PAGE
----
University of Tasmania

File(s) under permanent embargo

Light-driven tipping points in polar ecosystems

journal contribution
posted on 2023-05-17, 22:36 authored by Clark, GF, Stark, JS, Johnston, EL, Runcie, JW, Goldsworthy, PM, Ben Raymond, Riddle, MJ
Some ecosystems can undergo abrupt transformation in response to relatively small environmental change. Identifying imminent 'tipping points' is crucial for biodiversity conservation, particularly in the face of climate change. Here, we describe a tipping point mechanism likely to induce widespread regime shifts in polar ecosystems. Seasonal snow and ice-cover periodically block sunlight reaching polar ecosystems, but the effect of this on annual light depends critically on the timing of cover within the annual solar cycle. At high latitudes, sunlight is strongly seasonal, and ice-free days around the summer solstice receive orders of magnitude more light than those in winter. Early melt that brings the date of ice-loss closer to midsummer will cause an exponential increase in the amount of sunlight reaching some ecosystems per year. This is likely to drive ecological tipping points in which primary producers (plants and algae) flourish and out-compete dark-adapted communities. We demonstrate this principle on Antarctic shallow seabed ecosystems, which our data suggest are sensitive to small changes in the timing of sea-ice loss. Algae respond to light thresholds that are easily exceeded by a slight reduction in sea-ice duration. Earlier sea-ice loss is likely to cause extensive regime shifts in which endemic shallow-water invertebrate communities are replaced by algae, reducing coastal biodiversity and fundamentally changing ecosystem functioning. Modeling shows that recent changes in ice and snow cover have already transformed annual light budgets in large areas of the Arctic and Antarctic, and both aquatic and terrestrial ecosystems are likely to experience further significant change in light. The interaction between ice-loss and solar irradiance renders polar ecosystems acutely vulnerable to abrupt ecosystem change, as light-driven tipping points are readily breached by relatively slight shifts in the timing of snow and ice-loss. © 2013 John Wiley & Sons Ltd.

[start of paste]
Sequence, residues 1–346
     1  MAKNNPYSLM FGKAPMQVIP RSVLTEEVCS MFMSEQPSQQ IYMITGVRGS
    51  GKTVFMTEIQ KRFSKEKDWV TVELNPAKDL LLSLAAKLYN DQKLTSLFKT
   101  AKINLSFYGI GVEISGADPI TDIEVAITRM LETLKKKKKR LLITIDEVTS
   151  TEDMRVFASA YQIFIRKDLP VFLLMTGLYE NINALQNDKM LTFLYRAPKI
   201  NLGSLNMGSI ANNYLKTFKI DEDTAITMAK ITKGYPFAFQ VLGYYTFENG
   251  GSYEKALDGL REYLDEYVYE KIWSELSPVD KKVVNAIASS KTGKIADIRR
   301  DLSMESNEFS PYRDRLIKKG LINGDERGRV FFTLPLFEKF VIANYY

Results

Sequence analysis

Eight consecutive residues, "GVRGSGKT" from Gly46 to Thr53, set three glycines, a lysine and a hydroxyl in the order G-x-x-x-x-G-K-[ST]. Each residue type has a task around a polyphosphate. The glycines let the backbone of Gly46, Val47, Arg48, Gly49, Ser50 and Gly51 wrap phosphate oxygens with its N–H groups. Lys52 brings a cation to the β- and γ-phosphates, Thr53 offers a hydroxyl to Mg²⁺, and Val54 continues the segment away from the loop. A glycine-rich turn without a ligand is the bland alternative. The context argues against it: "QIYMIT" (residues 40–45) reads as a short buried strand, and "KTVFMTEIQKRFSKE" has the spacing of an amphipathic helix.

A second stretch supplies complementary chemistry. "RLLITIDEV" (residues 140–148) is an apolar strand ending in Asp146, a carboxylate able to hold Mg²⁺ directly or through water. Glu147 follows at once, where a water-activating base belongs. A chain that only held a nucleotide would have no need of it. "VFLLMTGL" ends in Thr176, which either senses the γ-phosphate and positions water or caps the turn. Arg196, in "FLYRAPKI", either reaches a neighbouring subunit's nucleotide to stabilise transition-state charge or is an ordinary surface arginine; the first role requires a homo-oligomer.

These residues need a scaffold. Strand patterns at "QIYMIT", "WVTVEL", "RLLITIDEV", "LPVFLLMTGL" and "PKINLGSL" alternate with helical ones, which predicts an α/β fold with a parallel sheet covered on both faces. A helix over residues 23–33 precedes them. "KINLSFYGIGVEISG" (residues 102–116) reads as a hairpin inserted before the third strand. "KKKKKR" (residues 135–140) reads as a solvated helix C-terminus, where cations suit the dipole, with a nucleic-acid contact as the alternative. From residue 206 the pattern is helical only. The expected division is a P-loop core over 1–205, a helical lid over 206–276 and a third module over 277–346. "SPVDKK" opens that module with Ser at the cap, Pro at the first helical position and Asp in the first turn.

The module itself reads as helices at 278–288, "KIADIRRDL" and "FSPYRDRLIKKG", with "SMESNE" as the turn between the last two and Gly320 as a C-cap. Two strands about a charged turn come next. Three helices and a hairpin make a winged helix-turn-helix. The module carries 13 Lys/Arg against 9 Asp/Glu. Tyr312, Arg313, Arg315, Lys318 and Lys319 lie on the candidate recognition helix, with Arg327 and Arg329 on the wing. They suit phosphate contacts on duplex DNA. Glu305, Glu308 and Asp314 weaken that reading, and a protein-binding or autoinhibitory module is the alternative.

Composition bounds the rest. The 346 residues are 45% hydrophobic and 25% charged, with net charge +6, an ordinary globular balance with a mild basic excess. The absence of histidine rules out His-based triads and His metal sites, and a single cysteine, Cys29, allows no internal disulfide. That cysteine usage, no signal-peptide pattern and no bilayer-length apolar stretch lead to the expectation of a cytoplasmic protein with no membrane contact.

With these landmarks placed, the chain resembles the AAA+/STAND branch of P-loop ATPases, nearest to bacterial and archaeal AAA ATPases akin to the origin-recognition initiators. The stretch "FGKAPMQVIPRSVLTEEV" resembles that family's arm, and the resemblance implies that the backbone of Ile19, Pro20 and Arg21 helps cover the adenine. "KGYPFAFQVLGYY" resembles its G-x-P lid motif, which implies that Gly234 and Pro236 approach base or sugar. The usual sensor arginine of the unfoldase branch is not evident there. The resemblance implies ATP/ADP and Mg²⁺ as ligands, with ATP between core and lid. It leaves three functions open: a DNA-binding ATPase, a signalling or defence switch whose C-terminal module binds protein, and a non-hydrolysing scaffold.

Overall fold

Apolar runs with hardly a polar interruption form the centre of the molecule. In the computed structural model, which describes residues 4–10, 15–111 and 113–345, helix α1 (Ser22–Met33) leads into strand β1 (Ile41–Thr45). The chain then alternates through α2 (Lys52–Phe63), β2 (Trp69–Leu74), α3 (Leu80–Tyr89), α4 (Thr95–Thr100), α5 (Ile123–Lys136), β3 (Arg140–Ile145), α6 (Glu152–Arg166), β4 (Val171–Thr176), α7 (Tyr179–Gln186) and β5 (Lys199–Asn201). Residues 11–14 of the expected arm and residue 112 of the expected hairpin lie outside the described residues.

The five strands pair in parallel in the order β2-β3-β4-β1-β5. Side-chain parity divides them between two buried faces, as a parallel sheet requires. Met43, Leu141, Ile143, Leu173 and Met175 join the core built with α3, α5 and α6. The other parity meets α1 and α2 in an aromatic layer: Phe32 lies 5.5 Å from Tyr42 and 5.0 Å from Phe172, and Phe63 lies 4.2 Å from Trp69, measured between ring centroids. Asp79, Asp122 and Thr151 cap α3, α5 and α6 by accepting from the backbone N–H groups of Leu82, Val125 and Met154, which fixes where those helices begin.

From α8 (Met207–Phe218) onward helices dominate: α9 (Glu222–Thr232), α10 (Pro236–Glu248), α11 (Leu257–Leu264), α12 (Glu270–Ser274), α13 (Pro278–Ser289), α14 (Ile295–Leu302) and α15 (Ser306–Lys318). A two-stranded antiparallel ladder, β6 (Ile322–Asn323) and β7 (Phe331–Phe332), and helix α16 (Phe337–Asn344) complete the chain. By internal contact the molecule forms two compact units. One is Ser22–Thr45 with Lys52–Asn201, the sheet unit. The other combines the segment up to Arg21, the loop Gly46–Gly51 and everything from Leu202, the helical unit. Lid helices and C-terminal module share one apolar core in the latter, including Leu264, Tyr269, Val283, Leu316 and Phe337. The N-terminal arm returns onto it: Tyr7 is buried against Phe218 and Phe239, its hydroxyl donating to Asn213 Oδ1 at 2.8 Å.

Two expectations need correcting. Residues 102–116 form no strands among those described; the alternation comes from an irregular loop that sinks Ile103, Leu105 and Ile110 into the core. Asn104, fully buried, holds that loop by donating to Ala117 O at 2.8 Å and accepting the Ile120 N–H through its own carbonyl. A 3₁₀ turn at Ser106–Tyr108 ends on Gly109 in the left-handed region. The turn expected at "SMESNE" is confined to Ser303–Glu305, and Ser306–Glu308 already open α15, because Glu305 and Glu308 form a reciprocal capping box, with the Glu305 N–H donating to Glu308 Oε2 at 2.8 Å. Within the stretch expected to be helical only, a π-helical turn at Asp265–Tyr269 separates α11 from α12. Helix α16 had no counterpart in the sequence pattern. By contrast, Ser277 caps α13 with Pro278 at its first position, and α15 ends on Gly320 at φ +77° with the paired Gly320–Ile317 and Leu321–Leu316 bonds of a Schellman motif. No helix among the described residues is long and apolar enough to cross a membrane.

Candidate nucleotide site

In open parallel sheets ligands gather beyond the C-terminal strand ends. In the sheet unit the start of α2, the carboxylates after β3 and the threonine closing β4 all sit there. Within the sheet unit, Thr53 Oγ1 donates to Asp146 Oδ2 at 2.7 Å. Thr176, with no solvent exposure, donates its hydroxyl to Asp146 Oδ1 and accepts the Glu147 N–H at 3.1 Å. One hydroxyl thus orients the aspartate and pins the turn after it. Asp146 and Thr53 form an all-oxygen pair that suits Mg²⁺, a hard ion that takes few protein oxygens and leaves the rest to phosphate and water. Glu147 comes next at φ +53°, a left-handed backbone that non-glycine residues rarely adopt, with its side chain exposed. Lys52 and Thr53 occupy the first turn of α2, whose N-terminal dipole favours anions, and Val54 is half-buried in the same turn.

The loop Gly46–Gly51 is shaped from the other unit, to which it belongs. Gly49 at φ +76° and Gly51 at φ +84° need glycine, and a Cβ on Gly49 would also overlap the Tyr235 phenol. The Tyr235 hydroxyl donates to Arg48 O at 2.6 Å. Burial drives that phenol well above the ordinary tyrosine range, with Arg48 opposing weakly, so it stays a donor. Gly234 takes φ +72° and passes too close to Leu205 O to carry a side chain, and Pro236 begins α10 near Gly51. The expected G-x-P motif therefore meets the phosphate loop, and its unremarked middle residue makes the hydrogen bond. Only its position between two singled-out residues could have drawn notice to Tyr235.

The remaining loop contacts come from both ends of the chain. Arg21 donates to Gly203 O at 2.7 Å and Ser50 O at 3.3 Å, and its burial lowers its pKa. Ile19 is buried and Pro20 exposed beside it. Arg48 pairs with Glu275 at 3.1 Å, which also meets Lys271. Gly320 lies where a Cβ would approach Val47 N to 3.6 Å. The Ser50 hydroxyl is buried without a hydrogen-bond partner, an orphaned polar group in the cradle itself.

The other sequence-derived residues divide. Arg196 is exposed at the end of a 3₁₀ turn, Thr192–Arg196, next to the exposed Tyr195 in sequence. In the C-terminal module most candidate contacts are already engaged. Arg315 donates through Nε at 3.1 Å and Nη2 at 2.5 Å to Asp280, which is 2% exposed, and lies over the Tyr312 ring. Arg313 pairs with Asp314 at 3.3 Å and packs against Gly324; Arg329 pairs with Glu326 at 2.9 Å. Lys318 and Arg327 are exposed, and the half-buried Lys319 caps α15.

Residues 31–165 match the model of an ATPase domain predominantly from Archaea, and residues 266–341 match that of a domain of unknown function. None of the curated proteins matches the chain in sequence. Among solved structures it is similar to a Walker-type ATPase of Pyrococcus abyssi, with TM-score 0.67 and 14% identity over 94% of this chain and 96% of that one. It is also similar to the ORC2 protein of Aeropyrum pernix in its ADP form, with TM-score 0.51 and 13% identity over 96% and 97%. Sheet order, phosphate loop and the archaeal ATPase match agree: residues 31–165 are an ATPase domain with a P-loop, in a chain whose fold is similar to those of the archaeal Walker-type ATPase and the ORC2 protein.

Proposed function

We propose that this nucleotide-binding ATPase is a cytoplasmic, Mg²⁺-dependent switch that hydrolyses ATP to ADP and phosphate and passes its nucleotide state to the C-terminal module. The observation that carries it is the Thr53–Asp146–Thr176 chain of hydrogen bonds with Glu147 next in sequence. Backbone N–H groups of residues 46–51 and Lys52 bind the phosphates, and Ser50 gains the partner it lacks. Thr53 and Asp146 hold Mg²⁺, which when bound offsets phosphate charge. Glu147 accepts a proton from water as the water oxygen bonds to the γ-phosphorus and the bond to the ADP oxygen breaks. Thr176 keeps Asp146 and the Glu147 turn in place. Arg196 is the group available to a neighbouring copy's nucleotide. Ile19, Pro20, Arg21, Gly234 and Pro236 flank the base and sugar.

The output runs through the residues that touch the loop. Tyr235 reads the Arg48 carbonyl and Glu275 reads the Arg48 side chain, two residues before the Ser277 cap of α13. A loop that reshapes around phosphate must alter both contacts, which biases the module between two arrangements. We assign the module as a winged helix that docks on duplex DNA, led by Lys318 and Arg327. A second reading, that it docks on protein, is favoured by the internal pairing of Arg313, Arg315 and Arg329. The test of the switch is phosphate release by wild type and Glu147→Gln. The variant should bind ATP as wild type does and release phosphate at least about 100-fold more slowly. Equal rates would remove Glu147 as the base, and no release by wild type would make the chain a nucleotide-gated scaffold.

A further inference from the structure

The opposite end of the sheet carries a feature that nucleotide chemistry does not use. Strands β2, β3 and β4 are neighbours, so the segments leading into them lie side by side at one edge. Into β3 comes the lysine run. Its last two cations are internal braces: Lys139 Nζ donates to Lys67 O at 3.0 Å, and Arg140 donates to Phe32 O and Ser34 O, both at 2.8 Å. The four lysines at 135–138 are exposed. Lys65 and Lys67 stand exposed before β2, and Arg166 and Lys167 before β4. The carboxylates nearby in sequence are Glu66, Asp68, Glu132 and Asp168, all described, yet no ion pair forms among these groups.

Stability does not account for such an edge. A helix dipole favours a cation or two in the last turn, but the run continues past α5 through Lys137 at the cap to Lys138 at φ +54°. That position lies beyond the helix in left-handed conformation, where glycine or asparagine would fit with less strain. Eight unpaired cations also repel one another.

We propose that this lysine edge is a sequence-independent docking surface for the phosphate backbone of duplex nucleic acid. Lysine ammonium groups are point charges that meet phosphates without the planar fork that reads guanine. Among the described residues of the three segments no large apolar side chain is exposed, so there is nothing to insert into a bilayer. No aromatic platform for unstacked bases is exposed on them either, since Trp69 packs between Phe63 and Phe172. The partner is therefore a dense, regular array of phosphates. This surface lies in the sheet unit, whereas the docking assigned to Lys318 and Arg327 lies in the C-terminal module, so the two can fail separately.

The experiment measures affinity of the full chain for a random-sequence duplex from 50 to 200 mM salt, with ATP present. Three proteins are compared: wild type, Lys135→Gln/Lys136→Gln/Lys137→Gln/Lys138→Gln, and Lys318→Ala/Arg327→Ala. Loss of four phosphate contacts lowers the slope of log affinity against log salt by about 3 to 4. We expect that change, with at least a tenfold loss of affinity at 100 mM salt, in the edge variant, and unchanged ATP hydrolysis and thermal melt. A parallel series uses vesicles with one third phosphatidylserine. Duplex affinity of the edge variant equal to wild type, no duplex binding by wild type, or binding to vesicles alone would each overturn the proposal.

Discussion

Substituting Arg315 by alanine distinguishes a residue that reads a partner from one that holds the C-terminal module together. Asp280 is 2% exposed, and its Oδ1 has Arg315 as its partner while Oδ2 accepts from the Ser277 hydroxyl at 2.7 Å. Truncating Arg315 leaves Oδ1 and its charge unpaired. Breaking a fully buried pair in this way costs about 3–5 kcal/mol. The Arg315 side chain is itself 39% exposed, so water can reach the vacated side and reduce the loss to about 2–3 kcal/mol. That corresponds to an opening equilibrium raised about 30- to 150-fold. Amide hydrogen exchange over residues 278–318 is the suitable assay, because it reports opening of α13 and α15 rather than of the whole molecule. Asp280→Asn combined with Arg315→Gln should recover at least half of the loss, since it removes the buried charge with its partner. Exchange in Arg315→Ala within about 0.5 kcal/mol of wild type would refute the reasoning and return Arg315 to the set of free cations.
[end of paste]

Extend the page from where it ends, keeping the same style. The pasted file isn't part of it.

Publication title

Global Change Biology










Institute for Marine and Antarctic Studies


Blackwell Publishing Ltd

Place of publication

9600 Garsington Rd, Oxford, England, Oxon, Ox4 2Dg

Rights statement

Copyright 2013 John Wiley & Sons Ltd

Repository Status

  • Restricted

Socio-economic Objectives

Assessment and management of terrestrial ecosystems

Usage metrics

    University Of Tasmania


    Ref. manager